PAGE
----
Monday, July 10, 2006

Ramchal: Don't Be Selfless, Be a Saint

On the mention of one of my friends who said that the book, Mesilat Yesharim, Path of the Just, an ethical text by Rabbi Moshe Chaim Luzzatto, a.k.a. the Ramchal, would be helpful in my thinking about Judaism, I decided to go look it up. So, once I found the book, what did I do? I started reading it of course. ;-)

The internet is a great fun and the whole book in translation can be found here.

Anyway, as I was reading I found a fascinating argument offered by R' Luzzatto found in chapter 4:

There are some fools who seek only to lighten their burden. They say, "Why weary ourselves with so much Saintliness and Separation? Is it not enough for us that we will not be numbered among the wicked who are judged in Gehinnom? We will not force ourselves to enter all the way into Paradise. If we do not have a large portion, we will have a small one. It will be enough for us. We will not add to our burdens for the sake of greater acquisitions."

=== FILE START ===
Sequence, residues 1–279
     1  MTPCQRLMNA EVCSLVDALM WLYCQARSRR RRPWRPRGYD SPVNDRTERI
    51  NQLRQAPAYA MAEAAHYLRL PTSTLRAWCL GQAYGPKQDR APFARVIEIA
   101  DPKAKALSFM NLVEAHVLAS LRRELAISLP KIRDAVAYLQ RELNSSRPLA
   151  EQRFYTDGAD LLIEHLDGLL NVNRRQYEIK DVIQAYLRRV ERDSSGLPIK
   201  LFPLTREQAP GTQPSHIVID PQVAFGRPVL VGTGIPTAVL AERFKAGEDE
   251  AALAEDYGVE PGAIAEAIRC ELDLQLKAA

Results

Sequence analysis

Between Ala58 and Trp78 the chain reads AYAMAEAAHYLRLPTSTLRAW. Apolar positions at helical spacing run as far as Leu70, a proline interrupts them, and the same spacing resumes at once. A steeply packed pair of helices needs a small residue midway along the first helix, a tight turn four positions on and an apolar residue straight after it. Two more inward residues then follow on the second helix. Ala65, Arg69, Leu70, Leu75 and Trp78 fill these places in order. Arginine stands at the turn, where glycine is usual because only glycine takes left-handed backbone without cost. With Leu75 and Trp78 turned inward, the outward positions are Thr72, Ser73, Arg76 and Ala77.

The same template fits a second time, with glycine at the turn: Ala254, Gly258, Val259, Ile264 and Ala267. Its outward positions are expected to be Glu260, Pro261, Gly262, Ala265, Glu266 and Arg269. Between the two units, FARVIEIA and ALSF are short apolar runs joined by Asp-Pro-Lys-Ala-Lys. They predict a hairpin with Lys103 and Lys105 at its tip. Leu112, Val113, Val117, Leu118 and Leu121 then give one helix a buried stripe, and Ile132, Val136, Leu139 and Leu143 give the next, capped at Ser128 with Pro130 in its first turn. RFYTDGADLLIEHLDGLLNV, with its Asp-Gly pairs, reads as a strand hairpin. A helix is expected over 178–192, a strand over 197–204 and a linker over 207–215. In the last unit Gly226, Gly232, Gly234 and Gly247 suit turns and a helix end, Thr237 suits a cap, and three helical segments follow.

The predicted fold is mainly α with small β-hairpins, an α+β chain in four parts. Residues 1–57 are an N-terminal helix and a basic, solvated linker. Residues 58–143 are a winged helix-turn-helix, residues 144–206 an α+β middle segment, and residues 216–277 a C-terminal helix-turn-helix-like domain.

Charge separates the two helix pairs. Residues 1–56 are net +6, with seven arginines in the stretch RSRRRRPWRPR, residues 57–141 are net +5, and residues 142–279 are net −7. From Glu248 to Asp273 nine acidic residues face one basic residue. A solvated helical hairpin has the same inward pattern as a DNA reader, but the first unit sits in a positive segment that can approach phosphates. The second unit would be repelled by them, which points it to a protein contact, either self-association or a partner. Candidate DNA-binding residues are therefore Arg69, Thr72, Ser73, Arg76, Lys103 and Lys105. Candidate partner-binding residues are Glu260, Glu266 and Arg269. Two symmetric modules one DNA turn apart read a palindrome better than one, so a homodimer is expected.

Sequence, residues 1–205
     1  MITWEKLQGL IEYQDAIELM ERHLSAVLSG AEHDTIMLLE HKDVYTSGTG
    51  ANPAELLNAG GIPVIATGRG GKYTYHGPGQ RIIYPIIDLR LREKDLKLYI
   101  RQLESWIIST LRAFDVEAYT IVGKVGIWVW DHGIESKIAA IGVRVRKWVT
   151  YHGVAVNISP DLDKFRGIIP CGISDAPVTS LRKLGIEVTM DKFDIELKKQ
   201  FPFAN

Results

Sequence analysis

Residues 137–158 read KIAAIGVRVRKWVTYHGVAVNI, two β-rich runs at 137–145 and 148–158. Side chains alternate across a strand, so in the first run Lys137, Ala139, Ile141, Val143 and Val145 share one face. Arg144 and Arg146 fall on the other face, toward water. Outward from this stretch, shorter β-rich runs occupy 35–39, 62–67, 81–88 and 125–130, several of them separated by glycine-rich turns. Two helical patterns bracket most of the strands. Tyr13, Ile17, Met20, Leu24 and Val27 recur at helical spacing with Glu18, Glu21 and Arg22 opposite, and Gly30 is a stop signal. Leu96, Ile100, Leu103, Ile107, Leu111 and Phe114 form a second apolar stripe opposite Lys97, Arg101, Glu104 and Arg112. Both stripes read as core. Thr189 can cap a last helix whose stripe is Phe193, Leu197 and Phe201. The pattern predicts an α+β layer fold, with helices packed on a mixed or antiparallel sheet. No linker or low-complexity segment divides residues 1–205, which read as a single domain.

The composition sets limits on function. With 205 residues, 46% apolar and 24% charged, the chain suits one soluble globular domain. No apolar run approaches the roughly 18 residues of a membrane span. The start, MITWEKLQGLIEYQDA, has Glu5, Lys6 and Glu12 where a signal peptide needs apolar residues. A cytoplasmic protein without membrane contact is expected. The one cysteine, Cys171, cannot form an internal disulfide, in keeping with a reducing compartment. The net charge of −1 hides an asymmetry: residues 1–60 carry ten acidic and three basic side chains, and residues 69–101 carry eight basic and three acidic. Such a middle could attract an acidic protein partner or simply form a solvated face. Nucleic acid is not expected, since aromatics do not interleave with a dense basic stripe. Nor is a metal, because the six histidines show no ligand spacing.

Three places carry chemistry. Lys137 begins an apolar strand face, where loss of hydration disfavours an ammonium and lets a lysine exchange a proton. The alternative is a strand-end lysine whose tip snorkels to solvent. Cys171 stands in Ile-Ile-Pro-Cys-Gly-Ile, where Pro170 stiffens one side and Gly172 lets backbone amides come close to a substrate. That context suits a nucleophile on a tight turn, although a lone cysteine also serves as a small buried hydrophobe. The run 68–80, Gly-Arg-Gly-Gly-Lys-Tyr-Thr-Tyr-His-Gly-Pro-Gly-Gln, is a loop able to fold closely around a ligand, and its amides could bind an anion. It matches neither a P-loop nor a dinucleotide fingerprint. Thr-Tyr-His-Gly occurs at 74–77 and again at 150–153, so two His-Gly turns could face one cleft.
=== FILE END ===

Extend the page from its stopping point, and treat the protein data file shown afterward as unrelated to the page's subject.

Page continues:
There is one question that we will ask these people - could they so easily, in this transitory world, tolerate the sight of one of their friends being honored, and elevated above them, and coming to rule over them- or, more so, one of their servants or one of the paupers who are shameful and lowly in their eyes? Could they tolerate this without suffering and without their blood boiling in them? Is there any question that they could not?...

This tolerance, then, that they adopt in order to lighten their burden is nothing but a deceitful persuasion of their evil inclination, with no basis whatsoever in truth.


So, the argument given is that some people are ok with a little piece of Olam Haba real estate and therefore figure that they shouldn't have to go over the top on their personal perfection. As long as they end being pretty good, then they get to Heaven anyway. They don't need a palace in a sky. A small loft on the Upper Westside would be just fine.

R' Luzzatto counters with a claim that they're just big liars who cannot stand anyone getting ahead of them in this world, why does it make sense for them to be ok with people getting ahead of them in the next world?